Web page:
After the release of her first solo album in 2008, “Who Killed Amanda Palmer,” Palmer created a fan base by taking advantage of social networks. Now, with 85,676 Facebook followers and 474,087 on Twitter, her fans embrace her eclectic style and interesting albums that stray from conventionality. With a mix of ukulele-assisted electric pop and a beautiful and moving piano arrangement, “Amanda Palmer Goes Under” is unlike typical CDs. With a hint of a Bjork feel combined with Regina Spektor melodies and musical formulas, Palmer presents an enjoyable album that lets the listener escape into a world of simplistic musical arrangements and daring lyrics.
Though Palmer emits a sense of fun in her work in collaborations with Tom Dickens of The James Austen Arrangement and Mikelangelo of The Black Sea Gentlemen, her music is definitely an acquired taste; it may turn off some listeners with its experimental structure and lyrics that can be perceived as “a little too out there.” Still, Palmer’s songs present a new experience that every listener is likely to enjoy. Her lyrics alone make the songs worth listening to as she discusses unconventional topics such as pubic hair grooming habits in “Map of Tasmania” or the struggles of love that result in running away to Australia, an experience described in her ballad “Australia.”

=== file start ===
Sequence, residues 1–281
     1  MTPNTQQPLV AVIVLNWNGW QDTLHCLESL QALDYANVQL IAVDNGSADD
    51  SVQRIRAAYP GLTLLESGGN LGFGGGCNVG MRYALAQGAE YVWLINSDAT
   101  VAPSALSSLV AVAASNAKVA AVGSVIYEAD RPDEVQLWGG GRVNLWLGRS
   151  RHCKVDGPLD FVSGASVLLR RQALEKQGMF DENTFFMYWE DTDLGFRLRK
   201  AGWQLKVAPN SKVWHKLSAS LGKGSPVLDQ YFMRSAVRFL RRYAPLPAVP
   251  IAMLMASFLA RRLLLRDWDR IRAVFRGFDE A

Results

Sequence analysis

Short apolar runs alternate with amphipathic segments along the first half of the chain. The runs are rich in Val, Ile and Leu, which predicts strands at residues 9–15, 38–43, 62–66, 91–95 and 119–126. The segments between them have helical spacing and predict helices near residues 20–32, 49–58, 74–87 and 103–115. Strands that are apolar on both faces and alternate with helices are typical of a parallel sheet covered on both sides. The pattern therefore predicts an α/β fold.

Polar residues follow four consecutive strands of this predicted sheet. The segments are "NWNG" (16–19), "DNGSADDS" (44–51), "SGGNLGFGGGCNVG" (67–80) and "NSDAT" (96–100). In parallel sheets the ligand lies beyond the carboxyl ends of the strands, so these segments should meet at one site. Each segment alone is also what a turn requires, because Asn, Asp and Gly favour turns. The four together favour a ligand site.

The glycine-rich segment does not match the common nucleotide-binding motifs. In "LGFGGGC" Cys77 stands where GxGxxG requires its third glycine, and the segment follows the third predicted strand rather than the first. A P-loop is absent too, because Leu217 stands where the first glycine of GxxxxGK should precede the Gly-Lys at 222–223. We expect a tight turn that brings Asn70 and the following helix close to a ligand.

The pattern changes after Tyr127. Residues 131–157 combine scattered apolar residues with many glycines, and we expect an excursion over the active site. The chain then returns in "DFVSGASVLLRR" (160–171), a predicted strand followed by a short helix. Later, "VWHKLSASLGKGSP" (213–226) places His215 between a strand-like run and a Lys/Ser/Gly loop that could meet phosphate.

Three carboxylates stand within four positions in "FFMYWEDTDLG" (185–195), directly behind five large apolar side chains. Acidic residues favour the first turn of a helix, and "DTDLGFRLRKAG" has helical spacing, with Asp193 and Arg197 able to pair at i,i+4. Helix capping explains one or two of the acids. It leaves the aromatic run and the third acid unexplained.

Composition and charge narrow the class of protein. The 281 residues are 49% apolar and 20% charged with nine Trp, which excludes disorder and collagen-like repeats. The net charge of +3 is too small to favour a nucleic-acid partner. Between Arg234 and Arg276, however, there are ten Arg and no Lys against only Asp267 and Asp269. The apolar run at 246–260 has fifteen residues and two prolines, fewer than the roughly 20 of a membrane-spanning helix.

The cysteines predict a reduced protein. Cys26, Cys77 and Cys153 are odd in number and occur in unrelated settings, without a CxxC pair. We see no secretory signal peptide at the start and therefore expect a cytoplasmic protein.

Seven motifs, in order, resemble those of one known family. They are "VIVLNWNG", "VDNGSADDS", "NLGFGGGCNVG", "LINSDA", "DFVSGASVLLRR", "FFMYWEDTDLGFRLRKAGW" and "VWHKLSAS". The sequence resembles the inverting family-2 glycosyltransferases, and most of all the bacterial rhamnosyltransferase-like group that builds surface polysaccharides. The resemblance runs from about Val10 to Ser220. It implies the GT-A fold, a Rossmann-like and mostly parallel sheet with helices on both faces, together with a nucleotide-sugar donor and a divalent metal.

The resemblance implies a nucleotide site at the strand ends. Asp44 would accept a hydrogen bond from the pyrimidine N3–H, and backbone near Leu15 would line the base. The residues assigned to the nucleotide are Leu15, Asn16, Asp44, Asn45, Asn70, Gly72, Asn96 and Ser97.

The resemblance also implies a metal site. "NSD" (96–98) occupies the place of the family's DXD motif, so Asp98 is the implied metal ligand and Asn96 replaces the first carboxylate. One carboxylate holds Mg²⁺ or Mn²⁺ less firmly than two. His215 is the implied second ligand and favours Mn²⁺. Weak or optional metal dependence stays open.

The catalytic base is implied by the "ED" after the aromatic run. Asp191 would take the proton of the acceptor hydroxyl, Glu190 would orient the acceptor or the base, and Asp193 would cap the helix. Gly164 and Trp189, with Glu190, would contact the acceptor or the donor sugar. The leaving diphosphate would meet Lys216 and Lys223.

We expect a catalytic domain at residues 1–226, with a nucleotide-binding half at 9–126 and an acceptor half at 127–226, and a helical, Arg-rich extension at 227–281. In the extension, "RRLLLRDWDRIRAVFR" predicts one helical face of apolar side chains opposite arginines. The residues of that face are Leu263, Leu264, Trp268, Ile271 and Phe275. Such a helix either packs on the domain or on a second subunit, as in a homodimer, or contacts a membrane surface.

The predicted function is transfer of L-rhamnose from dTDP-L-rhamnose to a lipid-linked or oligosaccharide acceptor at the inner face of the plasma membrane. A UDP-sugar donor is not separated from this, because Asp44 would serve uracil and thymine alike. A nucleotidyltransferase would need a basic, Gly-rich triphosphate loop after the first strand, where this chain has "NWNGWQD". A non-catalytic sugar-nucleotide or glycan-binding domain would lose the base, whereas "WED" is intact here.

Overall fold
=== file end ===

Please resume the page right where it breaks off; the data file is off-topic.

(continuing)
Overall, Palmer’s talent is undeniable and “Amanda Palmer Goes Down Under” is an entertaining album, particularly if in the mood for something a little daring, rebellious and eccentric. The album can be downloaded for 69 cents at music.amandapalmer.net/album/amanda-palmer-goes-down-under.
Edyna Garcia may be contacted at firstname.lastname@example.org.